When Barney Murphy married Blanche O’Brien, he told her almost every day from the wedding on that she was apricots and peaches, an orchard that was his alone to wander, plucking fruit as he saw fit, all of it ripe and juicy, something he would savor for the rest of his life. Blanche, a shy woman, really liked the way Barney could talk. He made nonsense sensible, she told her parents. Blanche was a very happy wife.
From the sixth month on during her first pregnancy, Blanche would ask Barney every day to pat her watermelon. When it finally burst, a boy popped out, and then a girl right after the boy, and then another boy right after the girl. Blanche had given birth to triplets within minutes of each other, lovely infants, all three of them plump and crowned with hair that ran in rivulets of curls.
Six additional children, born one at a time over the next 12 years, were just as beautiful. Even the neighbors were amazed at the fecundity of the couple. Some ladies on the block thought Barney should take up bowling.
“I’ve certainly got my hands full,” Blanche would tell her lady friends but she still seemed happy. Barney remained unperturbed. He earned terrific money as a defense attorney, a vocation to which his rhetorical skills had called him. He tried to find a partner to share the workload but no one could talk the way Barney could. The bigger the crime the more the criminal would pay to hire Barney.
Life was very good for the productive couple. Their nine children studied hard in school and graduated from college. Unlike the trend today, they all married early and settled down. Blanche was even happier once the last child had married and moved out of the house. It would be another honeymoon with just her and Barney home alone. And it seemed that way until the eve of their Golden Wedding Anniversary. That was the night Barney told her, after a nice dinner at a Russian restaurant, that she–his Blanche–was no longer apricots and peaches. More like prunes and raisins.
“Nine children,” Blanche said, “can take a toll on a woman.”
“I know, I know!” Barney said, “I’m not blaming you. But this is life. And I’m short one orchard.”
Barney pointed out that he had plans to prospect for another orchard. He wanted fresh fruit again, ripe and succulent. For days Blanche was stricken. She couldn’t believe Barney would go looking for another woman–or maybe women. But as her mother told her when they were courting, Barney was never meant to be a priest. Still, she had no reason to believe that in 50 years of marriage Barney had ever been unfaithful. Still, the kids had kept her busy and Barney often worked late into the night–or so he said.
In her youth, Blanche, in addition to being apricots and peaches in the eyes of Barney, had also been in the Olympics twice. She had won five gold and silver medals as an archer, a feat Barney over the years had proudly mentioned many times to any neighbor who would still listen. Frankly, everyone on the block was tired of hearing about Blanche’s medals. But thinking it might help keep Barney as her husband, Blanche went looking for and found her ancient bow and arrow in the attic. That night she told Barney she was going to practice for the Senior Olympics.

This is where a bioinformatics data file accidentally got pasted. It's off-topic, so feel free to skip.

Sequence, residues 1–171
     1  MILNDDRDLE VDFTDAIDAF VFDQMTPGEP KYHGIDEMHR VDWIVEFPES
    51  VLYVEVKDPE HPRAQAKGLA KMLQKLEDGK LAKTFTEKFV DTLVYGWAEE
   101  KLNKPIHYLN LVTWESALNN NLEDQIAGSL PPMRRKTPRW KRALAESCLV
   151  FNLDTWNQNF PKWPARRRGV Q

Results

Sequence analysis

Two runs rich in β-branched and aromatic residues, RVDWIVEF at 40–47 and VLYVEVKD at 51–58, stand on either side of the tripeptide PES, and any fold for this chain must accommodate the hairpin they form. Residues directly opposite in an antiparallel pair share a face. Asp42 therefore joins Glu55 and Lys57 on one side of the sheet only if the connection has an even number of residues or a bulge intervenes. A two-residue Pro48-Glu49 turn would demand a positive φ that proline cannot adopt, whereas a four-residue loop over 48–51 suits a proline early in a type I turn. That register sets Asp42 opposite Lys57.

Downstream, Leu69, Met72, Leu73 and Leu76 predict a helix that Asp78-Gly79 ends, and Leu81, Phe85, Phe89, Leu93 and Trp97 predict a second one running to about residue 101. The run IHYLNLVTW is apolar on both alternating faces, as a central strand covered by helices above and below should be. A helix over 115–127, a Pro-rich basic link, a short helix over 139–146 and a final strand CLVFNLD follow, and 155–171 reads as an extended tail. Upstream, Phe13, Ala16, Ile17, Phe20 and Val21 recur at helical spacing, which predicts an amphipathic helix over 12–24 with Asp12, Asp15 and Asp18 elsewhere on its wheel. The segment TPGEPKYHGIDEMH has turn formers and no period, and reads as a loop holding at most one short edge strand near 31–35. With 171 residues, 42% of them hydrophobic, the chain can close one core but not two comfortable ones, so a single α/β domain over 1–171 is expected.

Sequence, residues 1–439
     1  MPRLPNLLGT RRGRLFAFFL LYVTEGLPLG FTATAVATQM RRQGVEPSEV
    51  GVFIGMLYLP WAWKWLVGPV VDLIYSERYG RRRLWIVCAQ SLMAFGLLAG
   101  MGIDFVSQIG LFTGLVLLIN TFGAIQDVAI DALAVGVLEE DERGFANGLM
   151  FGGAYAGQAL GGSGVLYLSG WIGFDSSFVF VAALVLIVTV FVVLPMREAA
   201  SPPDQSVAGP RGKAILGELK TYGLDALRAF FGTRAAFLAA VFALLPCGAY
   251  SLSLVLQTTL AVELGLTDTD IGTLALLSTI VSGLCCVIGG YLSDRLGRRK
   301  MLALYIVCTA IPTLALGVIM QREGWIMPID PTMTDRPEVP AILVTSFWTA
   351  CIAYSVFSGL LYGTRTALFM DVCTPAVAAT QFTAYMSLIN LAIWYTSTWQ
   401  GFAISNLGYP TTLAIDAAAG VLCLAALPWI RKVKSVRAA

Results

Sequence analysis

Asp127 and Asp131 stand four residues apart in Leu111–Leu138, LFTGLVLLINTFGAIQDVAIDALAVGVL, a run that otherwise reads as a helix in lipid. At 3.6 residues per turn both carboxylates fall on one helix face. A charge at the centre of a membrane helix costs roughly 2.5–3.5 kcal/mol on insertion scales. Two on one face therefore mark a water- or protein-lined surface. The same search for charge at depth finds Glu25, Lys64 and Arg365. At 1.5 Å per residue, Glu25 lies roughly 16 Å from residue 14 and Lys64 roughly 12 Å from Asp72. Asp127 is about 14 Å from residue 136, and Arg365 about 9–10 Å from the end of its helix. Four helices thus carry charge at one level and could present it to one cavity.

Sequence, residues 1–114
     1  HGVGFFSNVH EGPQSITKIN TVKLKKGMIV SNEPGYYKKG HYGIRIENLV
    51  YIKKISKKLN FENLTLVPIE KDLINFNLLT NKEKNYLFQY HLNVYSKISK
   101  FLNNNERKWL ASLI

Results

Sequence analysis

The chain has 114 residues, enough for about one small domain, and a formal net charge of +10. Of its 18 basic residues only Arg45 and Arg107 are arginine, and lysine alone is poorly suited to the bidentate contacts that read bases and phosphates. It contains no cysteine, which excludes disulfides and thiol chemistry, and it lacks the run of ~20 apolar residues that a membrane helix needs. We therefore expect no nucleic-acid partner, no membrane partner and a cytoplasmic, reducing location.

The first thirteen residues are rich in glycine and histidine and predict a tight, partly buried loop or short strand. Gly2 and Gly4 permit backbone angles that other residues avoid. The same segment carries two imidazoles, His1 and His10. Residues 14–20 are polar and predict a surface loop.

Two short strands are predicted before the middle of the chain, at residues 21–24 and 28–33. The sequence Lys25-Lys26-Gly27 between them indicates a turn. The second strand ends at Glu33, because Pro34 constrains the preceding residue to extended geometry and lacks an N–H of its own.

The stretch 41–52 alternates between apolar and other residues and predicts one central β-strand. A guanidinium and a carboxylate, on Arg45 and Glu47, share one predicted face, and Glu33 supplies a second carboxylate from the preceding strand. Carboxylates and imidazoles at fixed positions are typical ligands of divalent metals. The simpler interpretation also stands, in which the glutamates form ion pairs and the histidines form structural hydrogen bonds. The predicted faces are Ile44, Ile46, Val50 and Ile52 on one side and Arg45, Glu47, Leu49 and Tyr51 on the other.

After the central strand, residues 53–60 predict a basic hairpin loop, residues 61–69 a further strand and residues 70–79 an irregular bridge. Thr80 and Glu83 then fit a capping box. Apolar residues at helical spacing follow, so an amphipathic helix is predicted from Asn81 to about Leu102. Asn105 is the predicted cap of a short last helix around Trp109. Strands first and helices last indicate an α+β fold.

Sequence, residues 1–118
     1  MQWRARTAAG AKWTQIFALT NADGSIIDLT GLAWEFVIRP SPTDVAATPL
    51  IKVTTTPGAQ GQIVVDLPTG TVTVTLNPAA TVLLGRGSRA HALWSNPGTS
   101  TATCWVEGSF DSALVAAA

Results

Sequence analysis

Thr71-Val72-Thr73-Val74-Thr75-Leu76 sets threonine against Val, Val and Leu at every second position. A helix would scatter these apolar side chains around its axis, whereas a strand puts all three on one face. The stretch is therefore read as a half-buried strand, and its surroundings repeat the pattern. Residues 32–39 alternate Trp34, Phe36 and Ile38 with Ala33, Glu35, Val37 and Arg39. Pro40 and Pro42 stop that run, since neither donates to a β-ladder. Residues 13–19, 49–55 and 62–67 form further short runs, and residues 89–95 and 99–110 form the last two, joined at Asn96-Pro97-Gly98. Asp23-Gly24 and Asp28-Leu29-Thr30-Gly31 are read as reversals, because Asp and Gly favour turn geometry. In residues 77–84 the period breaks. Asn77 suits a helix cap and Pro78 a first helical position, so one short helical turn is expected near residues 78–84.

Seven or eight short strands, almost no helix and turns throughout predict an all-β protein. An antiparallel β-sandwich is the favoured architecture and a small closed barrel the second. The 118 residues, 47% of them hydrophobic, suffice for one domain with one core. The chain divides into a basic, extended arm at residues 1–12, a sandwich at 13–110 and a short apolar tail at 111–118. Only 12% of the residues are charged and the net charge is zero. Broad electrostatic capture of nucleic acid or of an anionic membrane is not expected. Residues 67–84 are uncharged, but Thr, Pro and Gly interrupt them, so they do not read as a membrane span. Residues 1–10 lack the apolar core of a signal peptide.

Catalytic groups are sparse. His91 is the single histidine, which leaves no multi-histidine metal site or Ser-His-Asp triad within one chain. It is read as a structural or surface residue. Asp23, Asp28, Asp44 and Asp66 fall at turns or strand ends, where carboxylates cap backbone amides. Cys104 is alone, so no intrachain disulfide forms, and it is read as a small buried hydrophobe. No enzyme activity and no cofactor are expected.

The Senior Olympics was something Barney had long wanted Blanche to compete in. He wanted her to win more medals. The price of gold and silver had skyrocketed and he figured another stack of medals would be another insurance policy for retirement. Barney even decided to help Blanche train for the competition, taking time off from work to do so. He set up targets in their big back yard and brought the arrows back to her after she had shot them.
With Blanche practicing every day, Barney was kept very busy. He was so busy, in fact, that Blanche didn’t think he had time to look for any new orchards. In addition, she had begun to regain her old expertise. In fact, she thought it was unlikely any other woman in the over-70 group would be able to beat her. “Bullseye Blanche,” as they used to call her, was back in business.
A month later, however, something happened. The story in the paper and the reporters on TV said it was an accident, a tragedy, one arrow out of hundreds gone astray, a large, loving family heartbroken.
And the nine kids, all with big families of their own by now, believed it was an accident. Blanche in tears had told them at the time how the arrow had gone awry, had gone right through Barney’s left eye and settled in his brain.
“He dropped like a tree at logging time,” she said.
There was nothing the first responders could do. Barney was pronounced dead at the hospital. All the neighbors turned out for the funeral and took turns bringing Blanche a hot meal every night for weeks. And then the story seemed to die. Blanche wore black for months and months.
Nevertheless, not everyone was satisfied that things had happened exactly as reported. At closing time in a local pub frequented by friends, every now and then, maybe once a week or so, the same drunken neighbor would declare for all to hear: “The cops can’t ask old Barney what happened that day. We’ve heard what Blanche has to say. But Barney can’t say a word.”
Maybe Barney’s death was an accident. One arrow out of hundreds can go astray. Blanche refused to talk about it anymore and would begin to bawl if anyone mentioned Barney’s name. She also refused to compete in the Senior Olympics even though her skills had continued to improve right up until the arrow caught Barney’s eye. The kids all agreed Barney would have wanted her to compete. But Blanche said no–that to do so would be like putting an arrow in Barney’s other eye and there was no need for that now.